You might want to try that out?
I don't think you can just ignore office politics though
- It came across as self important. Most of us care about our work, and I’ve never seen folks backstab like you say. If you’re that good, backstabbing/trash talking wouldn’t matter.
You’re leaving something out, so it’s really hard to provide any useful thoughts to your Q.
Regardless, best of luck
- New ednapj01All of what you described is bullying in the workplace. You must stand up for yourself and confront, in a professional and semi private way. The only way to make it stop is to expose the truth for what it is. It is even acceptable for some else to take credit for your work. Secondly, talking behind your back is not acceptable either, call that person out and ask them if there is anything they would like to discuss face to face? Same goes from wrong feedback. In today's day and age you must learn to stick up for yourself of they will always treat you like a door mat.
- Facebook WhateverrsI've been taught that there's no such thing as "wrong feedback." if you're in an environment that's so toxic people are outright lying about you, leave, but it's highly unlikely that's the case across multiple teams. Far more likely people are expressing their impressions honestly, and just maybe expressing them poorly. You need to take those impressions seriously, and manage those impressions.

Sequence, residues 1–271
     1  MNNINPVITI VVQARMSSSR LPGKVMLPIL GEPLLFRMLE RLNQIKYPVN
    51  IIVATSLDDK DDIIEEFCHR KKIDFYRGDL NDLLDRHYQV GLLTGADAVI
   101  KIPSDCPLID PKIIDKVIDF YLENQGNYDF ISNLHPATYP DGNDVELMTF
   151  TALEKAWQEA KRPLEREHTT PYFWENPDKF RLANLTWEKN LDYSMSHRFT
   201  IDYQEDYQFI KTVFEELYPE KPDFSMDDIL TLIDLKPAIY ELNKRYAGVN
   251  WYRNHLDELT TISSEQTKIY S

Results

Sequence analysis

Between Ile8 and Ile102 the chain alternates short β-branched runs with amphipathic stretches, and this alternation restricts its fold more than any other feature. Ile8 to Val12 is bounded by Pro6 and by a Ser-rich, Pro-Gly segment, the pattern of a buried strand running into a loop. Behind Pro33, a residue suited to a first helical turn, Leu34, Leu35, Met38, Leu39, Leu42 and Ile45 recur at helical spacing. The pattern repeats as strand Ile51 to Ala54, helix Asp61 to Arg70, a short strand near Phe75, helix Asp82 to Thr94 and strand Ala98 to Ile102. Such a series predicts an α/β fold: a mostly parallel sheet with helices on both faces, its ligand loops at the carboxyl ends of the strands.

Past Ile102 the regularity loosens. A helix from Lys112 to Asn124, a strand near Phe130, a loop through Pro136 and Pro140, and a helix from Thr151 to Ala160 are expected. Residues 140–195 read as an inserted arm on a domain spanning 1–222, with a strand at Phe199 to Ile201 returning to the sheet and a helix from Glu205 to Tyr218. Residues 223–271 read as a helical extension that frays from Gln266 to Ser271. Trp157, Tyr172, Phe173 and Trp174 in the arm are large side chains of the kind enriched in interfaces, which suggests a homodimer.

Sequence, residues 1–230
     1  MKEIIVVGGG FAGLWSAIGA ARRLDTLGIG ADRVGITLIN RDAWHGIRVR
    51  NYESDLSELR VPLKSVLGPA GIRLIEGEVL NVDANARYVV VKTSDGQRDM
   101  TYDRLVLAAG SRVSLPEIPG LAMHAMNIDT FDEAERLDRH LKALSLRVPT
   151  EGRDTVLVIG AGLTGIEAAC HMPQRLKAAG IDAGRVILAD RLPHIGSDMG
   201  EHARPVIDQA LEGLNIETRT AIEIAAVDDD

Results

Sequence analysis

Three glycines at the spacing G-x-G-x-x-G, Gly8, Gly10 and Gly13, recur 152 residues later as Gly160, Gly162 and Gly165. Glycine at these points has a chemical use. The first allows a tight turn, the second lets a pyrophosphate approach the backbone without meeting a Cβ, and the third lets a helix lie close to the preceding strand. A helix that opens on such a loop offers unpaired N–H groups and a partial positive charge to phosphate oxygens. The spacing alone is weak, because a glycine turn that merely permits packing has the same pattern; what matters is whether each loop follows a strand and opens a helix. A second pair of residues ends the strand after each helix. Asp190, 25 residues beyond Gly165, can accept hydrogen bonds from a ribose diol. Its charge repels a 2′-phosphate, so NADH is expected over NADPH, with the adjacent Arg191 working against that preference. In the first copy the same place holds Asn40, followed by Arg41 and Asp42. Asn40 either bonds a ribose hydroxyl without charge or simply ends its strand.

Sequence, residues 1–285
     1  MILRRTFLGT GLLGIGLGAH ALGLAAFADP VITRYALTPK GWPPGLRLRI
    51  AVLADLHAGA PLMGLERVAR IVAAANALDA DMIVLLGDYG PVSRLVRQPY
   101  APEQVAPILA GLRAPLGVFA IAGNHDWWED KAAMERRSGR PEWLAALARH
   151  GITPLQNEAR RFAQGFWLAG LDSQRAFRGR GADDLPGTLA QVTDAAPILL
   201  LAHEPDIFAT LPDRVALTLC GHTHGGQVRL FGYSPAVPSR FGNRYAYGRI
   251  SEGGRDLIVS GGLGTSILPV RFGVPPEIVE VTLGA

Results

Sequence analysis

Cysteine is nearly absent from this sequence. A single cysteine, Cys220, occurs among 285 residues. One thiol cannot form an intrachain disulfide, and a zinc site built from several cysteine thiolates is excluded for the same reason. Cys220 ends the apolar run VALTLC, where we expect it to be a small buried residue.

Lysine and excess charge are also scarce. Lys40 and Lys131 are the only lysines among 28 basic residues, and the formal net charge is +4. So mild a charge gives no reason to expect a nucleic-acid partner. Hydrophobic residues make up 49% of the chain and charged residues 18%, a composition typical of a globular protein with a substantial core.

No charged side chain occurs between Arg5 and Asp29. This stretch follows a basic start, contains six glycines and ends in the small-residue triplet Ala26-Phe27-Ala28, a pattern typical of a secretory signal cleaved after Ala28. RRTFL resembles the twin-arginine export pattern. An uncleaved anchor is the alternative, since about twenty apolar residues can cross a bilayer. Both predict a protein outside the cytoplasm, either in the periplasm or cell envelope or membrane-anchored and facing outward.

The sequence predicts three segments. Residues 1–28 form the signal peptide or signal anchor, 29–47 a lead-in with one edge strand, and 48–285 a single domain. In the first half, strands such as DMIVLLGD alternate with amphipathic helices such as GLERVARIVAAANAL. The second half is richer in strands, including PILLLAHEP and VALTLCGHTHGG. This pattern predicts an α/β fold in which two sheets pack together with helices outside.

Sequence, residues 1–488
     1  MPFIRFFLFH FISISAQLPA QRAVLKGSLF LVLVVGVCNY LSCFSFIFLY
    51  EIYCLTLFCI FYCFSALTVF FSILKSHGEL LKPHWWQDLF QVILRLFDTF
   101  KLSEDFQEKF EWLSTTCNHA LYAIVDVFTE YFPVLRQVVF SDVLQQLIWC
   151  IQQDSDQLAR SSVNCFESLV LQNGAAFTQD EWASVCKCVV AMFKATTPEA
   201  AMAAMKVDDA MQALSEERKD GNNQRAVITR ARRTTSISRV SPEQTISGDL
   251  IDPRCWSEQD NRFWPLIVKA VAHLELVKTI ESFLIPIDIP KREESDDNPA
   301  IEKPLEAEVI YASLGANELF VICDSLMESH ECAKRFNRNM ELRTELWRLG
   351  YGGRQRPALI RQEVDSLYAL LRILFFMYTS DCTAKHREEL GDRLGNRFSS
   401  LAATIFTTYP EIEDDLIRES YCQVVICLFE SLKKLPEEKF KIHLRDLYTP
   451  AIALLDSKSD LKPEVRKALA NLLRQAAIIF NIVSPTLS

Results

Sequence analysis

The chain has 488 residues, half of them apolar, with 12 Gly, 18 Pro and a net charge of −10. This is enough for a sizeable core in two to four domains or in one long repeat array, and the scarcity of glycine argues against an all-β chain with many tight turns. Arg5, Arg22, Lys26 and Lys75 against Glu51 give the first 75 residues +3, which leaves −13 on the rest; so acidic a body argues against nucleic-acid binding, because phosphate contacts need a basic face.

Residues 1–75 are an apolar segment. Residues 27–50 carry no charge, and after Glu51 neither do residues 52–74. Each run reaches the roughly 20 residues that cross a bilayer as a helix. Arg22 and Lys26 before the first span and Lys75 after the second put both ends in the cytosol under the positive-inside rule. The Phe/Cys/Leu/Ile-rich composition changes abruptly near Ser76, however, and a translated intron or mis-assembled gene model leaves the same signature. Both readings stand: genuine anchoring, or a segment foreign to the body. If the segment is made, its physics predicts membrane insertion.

If someone says they didn't get information from you that you know you sent, next time double up on it, send reminders, setup a meeting to discuss the email, ask for their input on the email, or figure out if email just isn't the best medium to communicate with that person. Arguing about the fact that you did send the info isn't actually productive and isn't actually the issue.
Ask for feedback. Study effective feedback techniques and ask for the specific points on their feedback that would make the feedback actionable.
Find a team with a competent manager who can help you navigate the feedback. If the underlying issue is that people just don't like you, figure out why and what you can change about that.